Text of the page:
Green Benefits of Metal Roofing
I hope this finds you well!
In this issue of the Residential Metal Roofing Executive Report, I would like to review the additional “green” benefits of residential metal roofing.
Whether referring to the sustainability of composite siding or the efficiency of plumbing fixtures, green benefits play a significant role in the decision making process for most consumers. Regardless of their overall effectiveness, EnergyStar, LEED, and other initiatives have made “green” top-of-mind, so we must give proper attention to it in the sales process. And, fact is, metal roofing is one of the greenest products available, allowing us to build even more value into our presentation.
We are have already covered the sustainability and energy efficiency of metal roofing; but if we can go beyond these and properly articulate the additional green benefits, we significantly widen our customer base as well. Our typical customer has long been the relatively affluent 50+ year old who wishes to never re-roof again. But we are seeing more and more premium metal roofs being purchased by consumers in their thirties who are conscious of the environment and their impact on it. They see the same value in a metal roof as their hybrid vehicle and we miss these consumers if we fail to acknowledge all the green benefits of metal roofing.
The recycled content of metal roofing is a critical green benefit. Depending on the manufacturer, steel systems can be manufactured from up to 30% recycled steel and aluminum systems over 90% – utilizing recycled metal instead of “going back to the well” for virgin raw materials and further depleting the earth’s scarce resources and energy. Creating steel from recycled content uses only about 40% of the energy as using virgin material, only 10% for aluminum.
Many of us diligently collect and sort the recyclables we generate – canned goods, print publications, aluminum cans, etc – and carry them to the curb each week to do our part to support the environment. We know what we can do to feed the system, but what major purchases can we make to support the recycling loop? Roofing with metal is one of the few opportunities and a cherished one for the green-conscious consumer.
Not only is most metal roofing manufactured from recycled metal, but painted metal roofing is fully recyclable at the end of its functional life (this is not the case unfortunately for products with an aggregate or stone coating). After 80 – 100 years, a painted metal roof can be removed and recycled as opposed to becoming landfill. No other roofing material can claim to be as green over the entirety of its life.
Due to the low weight of metal roofing (which we covered at length in a previous Executive Report), metal can be installed over an existing layer of asphalt shingles. There are likely code requirements to take into consideration, but at 40 – 45 lbs/sq for aluminum and 80 – 90 lbs/sq for steel, a metal roof will add very little additional weight to the structure. By not tearing off the old shingles, we are conserving landfill space, adding some R-value to the home, and allowing the consumer’s discretionary dollars to be spent on a better roof system rather than a tear-off.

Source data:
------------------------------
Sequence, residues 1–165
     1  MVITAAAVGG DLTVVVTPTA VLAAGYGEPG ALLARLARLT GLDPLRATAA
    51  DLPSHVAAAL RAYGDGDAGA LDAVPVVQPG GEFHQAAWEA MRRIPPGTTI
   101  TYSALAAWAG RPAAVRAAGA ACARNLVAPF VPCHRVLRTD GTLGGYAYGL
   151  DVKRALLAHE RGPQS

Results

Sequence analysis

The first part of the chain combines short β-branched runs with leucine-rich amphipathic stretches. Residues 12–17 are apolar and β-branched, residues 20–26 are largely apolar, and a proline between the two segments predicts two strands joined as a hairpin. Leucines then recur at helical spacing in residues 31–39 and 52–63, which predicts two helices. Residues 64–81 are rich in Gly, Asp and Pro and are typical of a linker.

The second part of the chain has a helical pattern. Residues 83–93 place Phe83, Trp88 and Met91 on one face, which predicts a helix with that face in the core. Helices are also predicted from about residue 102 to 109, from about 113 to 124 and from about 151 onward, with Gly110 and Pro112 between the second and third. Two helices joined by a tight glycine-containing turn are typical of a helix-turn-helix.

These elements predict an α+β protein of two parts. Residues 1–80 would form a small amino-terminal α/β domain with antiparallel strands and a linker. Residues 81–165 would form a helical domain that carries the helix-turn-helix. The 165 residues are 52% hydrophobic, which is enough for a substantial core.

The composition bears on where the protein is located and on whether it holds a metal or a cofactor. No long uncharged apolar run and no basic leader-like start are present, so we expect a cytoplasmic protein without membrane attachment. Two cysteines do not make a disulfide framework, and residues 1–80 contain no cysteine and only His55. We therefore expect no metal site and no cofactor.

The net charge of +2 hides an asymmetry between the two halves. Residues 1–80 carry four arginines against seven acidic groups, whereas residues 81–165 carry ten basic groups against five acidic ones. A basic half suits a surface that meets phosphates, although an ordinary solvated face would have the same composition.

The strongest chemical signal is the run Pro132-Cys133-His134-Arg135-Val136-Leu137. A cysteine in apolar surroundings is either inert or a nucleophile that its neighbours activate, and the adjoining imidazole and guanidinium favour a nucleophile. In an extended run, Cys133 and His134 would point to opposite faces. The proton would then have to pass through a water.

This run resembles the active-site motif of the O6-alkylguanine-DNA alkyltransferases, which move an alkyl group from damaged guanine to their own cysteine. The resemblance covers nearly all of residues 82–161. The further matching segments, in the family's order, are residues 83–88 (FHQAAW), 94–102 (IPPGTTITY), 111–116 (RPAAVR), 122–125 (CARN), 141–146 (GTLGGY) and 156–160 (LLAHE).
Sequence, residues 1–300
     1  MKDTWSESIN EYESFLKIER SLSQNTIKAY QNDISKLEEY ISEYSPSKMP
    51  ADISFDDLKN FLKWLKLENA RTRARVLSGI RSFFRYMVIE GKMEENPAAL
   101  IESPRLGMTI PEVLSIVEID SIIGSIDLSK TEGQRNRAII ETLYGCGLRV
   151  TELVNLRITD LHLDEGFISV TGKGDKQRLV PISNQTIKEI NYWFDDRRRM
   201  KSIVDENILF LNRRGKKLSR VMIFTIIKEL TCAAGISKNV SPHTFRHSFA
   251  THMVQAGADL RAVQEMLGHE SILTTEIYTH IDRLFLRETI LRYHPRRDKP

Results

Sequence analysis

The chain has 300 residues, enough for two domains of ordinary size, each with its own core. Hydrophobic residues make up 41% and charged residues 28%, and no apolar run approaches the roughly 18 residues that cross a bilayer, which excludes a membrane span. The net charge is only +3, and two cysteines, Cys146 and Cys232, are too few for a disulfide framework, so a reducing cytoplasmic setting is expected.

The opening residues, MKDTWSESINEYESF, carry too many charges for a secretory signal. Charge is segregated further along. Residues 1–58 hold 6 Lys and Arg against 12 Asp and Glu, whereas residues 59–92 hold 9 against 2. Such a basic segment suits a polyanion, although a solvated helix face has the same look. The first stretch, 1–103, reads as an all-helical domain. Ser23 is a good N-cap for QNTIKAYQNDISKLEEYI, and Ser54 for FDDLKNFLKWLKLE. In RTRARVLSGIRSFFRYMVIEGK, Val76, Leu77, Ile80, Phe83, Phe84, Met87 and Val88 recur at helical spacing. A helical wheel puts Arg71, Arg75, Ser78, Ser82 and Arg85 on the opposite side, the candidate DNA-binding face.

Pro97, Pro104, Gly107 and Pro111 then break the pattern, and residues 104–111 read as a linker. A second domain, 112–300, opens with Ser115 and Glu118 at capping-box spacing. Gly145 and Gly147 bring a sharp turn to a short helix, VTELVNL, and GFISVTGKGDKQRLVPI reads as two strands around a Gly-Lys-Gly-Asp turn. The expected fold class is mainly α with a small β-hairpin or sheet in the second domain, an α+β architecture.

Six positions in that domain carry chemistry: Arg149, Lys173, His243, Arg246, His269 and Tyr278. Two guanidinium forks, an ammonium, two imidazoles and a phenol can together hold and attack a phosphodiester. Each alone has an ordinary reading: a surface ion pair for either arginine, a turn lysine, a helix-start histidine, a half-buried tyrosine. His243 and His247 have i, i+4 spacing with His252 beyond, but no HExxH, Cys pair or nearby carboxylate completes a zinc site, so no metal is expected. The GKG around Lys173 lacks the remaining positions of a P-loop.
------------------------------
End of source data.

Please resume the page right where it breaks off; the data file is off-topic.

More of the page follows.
I know some disagree and believe it is best practice to remove the old shingles. Speaking from our experience, over 60% of our roofs each year are installed over a layer of asphalt shingles and, in 35 years of business, we have yet to encounter a project where we regretted it later on.
Not every homeowner is especially green-conscious and these benefits will mean more to some than others, but they are benefits nonetheless and are critical components to our value proposition. By giving proper attention to these benefits, we can further separate ourselves from competing alternatives and appeal to those consumers who are looking for the greenest roof available.
Thank you for reading and your contributions to this conversation. I would always relish the opportunity to learn from your experience and expertise, please do not hesitate to reach out.
Todd Miller has spent his entire career in the metal building products manufacturing industry. He is president of Isaiah Industries, an organization recognized as one of the world’s leading metal roofing manufacturers. Todd is currently Vice President of the MRA (Metal Roofing Association) and a Past Chair of MCA (Metal Construction Association). Through his website, he strives to raise the bar on standards and practices to provide property owners with the best possible products for successful roofing projects.
You may pull quotes from this article provided you include a link back to the original article on this site. You may not reprint this full article, or even a significant amount of the article, without explicit permission. To gain permission, click here.